Following an intraparty fight, in 1944 Truman replaced Henry A. Wallace as Roosevelt's running mate. As Vice President after January 1945, Truman fulfilled mostly ceremonial duties and rarely enjoyed the opportunity to discuss crucial national matters with the President, who was away from the Capital much of the time or busily engaged in the war effort. When Roosevelt died in April, Truman was confronted with a series of major decisions that required extensive briefings on military strategy and peacemaking measures.

Ironically, it was in foreign affairs, the area where Truman enjoyed the least pre-Presidential experience, that he made an outstanding mark. V-E Day, on May 8, 1945, marked the end of fighting in Europe. Less than 2 months later, Truman witnessed the signing of the United Nations (U.N.) charter in San Francisco. That summer, he also met with Britain's Winston S. Churchill and Clement R. Attlee as well as the Soviet Union's Joseph V. Stalin at the Potsdam (Germany) Conference. Stalin's recalcitrance on postwar issues there helped lay the basis of the future Cold War.

During this meeting, Truman received a message that reported a secret U.S. test explosion of the first atomic bomb. Agreeing with his advisers that it would obviate the need for a long and bloody invasion of Japan to force her surrender, he authorized its use. Within a matter of days following destruction of the cities of Hiroshima and Nagasaki, World War II ended, on August 14, 1945 (V-J Day).

Truman and Stettinius, Jr.
Truman looks on as Secretary of State Edward R. Stettinius, Jr., signs the United Nations Charter at San Francisco in 1945. (National Archives.)

By 1947 the Cold War with the Soviet Union, which grew out of conflicts and misunderstandings that followed World War II, had begun. The "Truman Doctrine" advocated the containment of Communism through collective security alliances and direct military and economic aid to friendly nations.

The North Atlantic Treaty Organization (NATO), organized in 1949 with Truman's strong backing, solidified the military defense of Western Europe. Two years earlier, to counter Soviet threats to Turkey and Communist guerrilla activity in Greece, he had convinced Congress to extend aid to both countries. Later that same year, he backed Secretary of State George C. Marshall's imaginative and massive program (Marshall Plan) to underwrite the economic rebuilding of Western Europe. Truman's "Point Four" program was a multibillion dollar economic and technical aid program for developing nations.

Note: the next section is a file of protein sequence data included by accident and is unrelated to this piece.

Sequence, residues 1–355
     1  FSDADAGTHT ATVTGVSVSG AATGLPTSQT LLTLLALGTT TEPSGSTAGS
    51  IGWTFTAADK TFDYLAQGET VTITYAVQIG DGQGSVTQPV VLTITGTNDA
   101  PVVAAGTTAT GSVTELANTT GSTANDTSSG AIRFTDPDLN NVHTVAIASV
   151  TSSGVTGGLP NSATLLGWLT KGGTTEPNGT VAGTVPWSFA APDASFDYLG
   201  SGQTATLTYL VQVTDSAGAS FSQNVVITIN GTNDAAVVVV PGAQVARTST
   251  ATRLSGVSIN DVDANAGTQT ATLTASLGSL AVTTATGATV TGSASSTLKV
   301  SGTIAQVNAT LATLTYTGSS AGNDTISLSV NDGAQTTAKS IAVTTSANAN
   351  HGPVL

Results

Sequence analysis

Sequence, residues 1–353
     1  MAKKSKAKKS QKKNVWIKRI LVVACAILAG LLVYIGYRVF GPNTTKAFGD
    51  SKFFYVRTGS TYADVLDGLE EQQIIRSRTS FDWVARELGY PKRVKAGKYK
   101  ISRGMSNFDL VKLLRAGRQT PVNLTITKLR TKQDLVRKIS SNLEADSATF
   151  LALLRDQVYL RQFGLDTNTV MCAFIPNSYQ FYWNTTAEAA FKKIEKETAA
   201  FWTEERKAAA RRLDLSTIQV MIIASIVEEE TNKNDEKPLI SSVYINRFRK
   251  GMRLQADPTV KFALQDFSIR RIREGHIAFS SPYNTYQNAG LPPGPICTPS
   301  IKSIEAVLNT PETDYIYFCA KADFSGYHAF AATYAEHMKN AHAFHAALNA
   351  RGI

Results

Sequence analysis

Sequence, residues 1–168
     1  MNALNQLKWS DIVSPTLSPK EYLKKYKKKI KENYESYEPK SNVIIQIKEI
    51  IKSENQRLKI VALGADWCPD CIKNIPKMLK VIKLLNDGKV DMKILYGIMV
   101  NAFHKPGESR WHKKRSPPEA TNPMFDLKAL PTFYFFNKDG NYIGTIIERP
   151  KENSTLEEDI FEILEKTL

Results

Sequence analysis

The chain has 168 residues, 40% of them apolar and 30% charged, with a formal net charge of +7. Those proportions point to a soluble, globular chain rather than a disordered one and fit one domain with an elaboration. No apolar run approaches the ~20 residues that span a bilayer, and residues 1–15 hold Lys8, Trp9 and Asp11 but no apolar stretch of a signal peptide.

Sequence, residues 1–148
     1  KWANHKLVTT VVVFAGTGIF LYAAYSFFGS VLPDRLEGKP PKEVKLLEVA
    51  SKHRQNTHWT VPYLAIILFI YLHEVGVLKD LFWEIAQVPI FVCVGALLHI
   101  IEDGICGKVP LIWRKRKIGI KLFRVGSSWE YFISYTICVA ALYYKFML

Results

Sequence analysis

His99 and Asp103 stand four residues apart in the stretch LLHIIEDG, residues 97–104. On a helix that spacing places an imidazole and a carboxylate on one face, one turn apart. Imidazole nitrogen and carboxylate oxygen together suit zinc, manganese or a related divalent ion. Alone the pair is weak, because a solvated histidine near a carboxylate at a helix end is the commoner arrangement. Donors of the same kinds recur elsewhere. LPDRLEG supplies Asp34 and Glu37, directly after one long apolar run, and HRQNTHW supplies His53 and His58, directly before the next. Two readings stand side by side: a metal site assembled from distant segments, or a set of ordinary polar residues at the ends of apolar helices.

Truman also faced two major military confrontations. He directed a massive airlift (1948-49) that broke a Russian blockade of West Berlin. In 1950 Communist North Korean troops crossed the 38th parallel into South Korea. Truman immediately undertook to thwart the attack. The United Nations, during a Russian boycott of its meetings, voted to join the United States in defending South Korea. Insisting on a limited police action to contain aggression but also seeking to prevent a broader war with China and possibly even the Soviet Union, in 1951 Truman removed Gen. Douglas MacArthur as military commander for disagreeing with this strategy. By the end of Truman's administration, the war had stalemated near the old demarcation line, but no permanent peace had been reached.

As early as 1946, Truman had proposed international control of atomic energy and U.N. supervision of bomb stockpiles. Inside of 3 years, the Russians tested a nuclear device. The President then ordered creation of the more powerful hydrogen bomb, which was first exploded in 1952.

Domestically, Truman quickly put his own stamp on Rooseveltian policies. Within a few months of his inauguration in 1945, he appointed six new Cabinet members. And, that fall, he initiated his "Fair Deal" program. Although it retained Roosevelt's social-welfare orientation, it emphasized the conversion of the economy from a wartime to peacetime basis—one of Truman's major problems.